19 January 2006

Murphy attacks SDLP

:::u.tv:::

THURSDAY 19/01/2006 15:59:54

The SDLP was today accused of encouraging unionists in Northern Ireland to believe they could water down the Good Friday Agreement.

By:Press Association

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In the build-up to political talks expected next month, Sinn Fein MP Conor Murphy called on his rivals to withdraw their May 2004 proposals for civic administrators to run government departments until devolution returned.

The Newry and Armagh MP argued: "When the SDLP first published their proposals for British Government-appointed commissioners to run the 10 departments instead of locally-elected and accountable politicians, as demanded by the Agreement, they gave succour to those rejectionist unionists who wished to move away from the power-sharing core of the Agreement.

"This was a deeply flawed strategy and is one which is completely unacceptable to the vast majority of nationalists and republicans who voted for the Good Friday Agreement.

"Despite the encouragement given by the SDLP to those seeking to rewrite the Agreement, Sinn Fein successfully defended the principles which underpin the Agreement in the discussions in late 2004.

"Recently it seems that the SDLP are once again naively repeating the mistakes they have made in the past.

"They have opened up communication with the unionist parties in advance of planned talks chaired by the two governments on proposals which are less than that demanded by the Agreement.

"Once again they are giving encouragement to those within unionism who believe they can dilute or subvert the rights and entitlements demanded by the people across Ireland who voted for the Agreement in 1998."

With the British and Irish Governments planning an intensive push to restore devolution on the back of the latest report on paramilitary activity by the Independent Monitoring Commission, the Rev Ian Paisley`s Democratic Unionists this week ruled out the likelihood in the foreseeable future of power-sharing featuring Sinn Fein.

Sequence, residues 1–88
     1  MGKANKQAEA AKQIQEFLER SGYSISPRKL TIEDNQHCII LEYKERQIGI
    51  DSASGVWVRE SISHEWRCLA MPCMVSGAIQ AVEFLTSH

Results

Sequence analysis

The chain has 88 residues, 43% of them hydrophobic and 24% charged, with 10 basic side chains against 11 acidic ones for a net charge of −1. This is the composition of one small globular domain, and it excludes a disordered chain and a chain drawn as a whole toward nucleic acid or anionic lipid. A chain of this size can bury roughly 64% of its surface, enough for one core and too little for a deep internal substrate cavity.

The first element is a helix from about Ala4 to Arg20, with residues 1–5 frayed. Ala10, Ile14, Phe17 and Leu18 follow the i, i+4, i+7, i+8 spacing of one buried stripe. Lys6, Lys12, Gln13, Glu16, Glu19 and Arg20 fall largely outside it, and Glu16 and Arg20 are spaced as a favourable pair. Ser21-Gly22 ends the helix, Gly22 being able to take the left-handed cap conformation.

The party, however, confirmed it was planning to table a 16 page document advocating phased devolution - giving the country`s 108 Assembly members some role short of forming their own multi-party executive.

The Ulster Unionists are also believed to be putting together their own proposals.

In May 2004, SDLP leader Mark Durkan proposed 10 leaders from business, trade unions and community life should be nominated by both the British and Irish Governments to run the devolved government departments.

The panel would have to be approved by Assembly members on a cross-community vote at Stormont and would cease their work once MLAs were able to nominate their own multi-party executive.

The plan was slated by Sinn Fein, unionists and other parties.

Mr Murphy said today that, as the lead nationalist party, Sinn Fein would resolutely defend the Agreement and its power-sharing and cross-border institutions.

"Unlike the SDLP we will not settle for less," he said.

"The SDLP now need to make it clear that their proposals for commissioners have been binned and that they are prepared to join with the rest of nationalist and republican opinion on the island and defend the Good Friday Agreement."